Streetwise Professor

June 22, 2016

Sometimes Hooligans are Just Hooligans

Filed under: Politics,Russia,Sports — The Professor @ 8:12 pm

The UEFA Euro 2016 has seen the usual hooliganism. What would soccer–football, excuse me–be without it? (Isn’t it interesting how the “beautiful game” routinely sparks violence while a game denigrated for violence–American football–seldom does?)

Nothing new about that. What makes Euro 2016 somewhat unique is the focus on Russian hooligans, and the attribution of malign political motives to them, and most importantly, direction from the very top.

The English mixed it up with the Russians in Marseille, and got the worst of it. The English press was whinging about the unfairness of it all. Apparently, as opposed to being fat, drunken louts like proper English hooligans, the Russians were hard, sober toughs. That’s not cricket!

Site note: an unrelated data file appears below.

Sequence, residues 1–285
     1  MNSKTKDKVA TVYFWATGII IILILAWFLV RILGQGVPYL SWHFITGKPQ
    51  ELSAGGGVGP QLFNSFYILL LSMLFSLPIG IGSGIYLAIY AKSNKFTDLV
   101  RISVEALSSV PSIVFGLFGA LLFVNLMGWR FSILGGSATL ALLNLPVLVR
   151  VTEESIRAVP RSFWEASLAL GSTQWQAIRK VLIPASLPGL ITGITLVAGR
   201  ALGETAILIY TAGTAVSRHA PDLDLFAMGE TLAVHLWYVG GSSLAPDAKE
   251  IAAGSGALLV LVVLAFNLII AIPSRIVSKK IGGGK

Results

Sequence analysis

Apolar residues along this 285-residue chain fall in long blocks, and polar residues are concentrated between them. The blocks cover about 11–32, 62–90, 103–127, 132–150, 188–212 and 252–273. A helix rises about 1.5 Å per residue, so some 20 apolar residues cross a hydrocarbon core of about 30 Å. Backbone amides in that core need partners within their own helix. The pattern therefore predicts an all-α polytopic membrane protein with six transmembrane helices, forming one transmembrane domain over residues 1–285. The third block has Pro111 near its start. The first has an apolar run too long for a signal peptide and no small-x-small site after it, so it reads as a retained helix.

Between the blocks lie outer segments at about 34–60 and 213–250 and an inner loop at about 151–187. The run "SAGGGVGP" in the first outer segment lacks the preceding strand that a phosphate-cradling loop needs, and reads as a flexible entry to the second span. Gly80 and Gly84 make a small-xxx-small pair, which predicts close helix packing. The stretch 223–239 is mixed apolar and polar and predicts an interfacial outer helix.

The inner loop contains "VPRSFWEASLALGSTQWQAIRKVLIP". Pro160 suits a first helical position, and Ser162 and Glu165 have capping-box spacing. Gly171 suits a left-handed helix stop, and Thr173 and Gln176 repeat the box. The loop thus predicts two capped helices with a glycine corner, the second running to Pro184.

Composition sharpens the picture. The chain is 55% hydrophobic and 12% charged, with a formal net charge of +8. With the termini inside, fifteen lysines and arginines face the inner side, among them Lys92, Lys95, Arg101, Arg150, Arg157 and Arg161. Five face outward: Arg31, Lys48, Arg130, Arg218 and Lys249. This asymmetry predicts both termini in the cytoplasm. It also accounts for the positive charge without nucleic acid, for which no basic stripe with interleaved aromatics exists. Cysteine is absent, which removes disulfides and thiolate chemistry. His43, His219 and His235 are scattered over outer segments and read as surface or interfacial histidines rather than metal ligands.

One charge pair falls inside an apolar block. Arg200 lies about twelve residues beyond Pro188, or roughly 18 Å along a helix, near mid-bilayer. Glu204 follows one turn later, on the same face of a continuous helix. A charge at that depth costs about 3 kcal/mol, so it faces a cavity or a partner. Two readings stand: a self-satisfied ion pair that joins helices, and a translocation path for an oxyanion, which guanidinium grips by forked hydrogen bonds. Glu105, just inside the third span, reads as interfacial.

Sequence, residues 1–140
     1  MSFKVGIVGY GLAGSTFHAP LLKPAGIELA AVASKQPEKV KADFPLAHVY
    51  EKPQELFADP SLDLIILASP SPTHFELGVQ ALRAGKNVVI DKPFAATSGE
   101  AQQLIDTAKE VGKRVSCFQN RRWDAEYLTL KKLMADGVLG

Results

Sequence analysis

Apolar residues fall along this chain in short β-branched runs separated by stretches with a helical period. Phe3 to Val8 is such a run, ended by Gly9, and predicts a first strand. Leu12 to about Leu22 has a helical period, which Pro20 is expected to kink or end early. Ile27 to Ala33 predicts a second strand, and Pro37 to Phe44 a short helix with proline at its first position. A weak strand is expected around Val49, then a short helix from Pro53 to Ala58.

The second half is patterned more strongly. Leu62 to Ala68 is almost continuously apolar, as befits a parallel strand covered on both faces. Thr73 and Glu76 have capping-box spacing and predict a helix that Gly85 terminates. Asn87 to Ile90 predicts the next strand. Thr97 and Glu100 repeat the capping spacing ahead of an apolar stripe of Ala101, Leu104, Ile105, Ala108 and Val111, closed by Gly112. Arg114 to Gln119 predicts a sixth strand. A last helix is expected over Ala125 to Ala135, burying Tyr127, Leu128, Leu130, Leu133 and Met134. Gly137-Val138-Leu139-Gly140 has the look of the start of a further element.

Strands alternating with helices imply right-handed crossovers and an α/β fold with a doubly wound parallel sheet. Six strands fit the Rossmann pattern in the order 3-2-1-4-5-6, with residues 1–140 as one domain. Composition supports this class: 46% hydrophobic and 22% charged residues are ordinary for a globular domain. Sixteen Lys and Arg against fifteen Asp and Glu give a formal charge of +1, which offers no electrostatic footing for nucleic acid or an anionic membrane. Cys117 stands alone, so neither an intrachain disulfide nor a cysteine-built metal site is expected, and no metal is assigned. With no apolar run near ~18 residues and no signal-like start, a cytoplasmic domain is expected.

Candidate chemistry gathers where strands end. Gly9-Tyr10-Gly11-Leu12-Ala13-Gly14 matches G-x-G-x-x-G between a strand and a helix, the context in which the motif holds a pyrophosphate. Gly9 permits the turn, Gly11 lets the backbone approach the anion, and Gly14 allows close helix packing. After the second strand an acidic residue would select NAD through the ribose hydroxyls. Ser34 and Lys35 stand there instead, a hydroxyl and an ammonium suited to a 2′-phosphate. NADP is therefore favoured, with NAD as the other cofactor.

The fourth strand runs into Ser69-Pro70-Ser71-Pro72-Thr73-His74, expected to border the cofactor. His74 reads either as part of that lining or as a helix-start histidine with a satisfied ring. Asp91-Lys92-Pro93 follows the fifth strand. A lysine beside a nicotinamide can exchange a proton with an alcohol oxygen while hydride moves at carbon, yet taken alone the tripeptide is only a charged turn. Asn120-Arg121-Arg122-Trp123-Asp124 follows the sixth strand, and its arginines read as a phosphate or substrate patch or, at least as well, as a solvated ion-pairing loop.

Englishman Tim Newman–whom I’m honored comments periodically here–was having none of it:

You’ve got to love the British press:

England fan fighting for his life and dozens more injured as English fans and Russian thugs clash at Euro 2016 in Marseille

The English were fans.  The Russians were thugs.  Presumably no Englishman in Marseille last night displayed thuggish behaviour, and no Russian showed the slightest interest in football.

. . . .

But what I never heard, in all my time in Phuket or indeed ever in my life, was a story told to me by non-Brit complaining of getting into a fight with another non-Brit.  For whatever reason, Frenchmen don’t seem to end up fighting Spaniards in beach resorts and Germans somehow manage to rub along all right with Italians on holiday without kicking the shit out of one another.  The common element in all the fighting in beach resorts across the world, particularly the Mediterranean, is the presence of young Brits.  Little surprise then that the only trouble seen thus far at the Euro 2016 tournament features the same demographic.

There were battles involving other nationalities pretty much everywhere matches were played. It’s what those oh-so-civilized Euros do.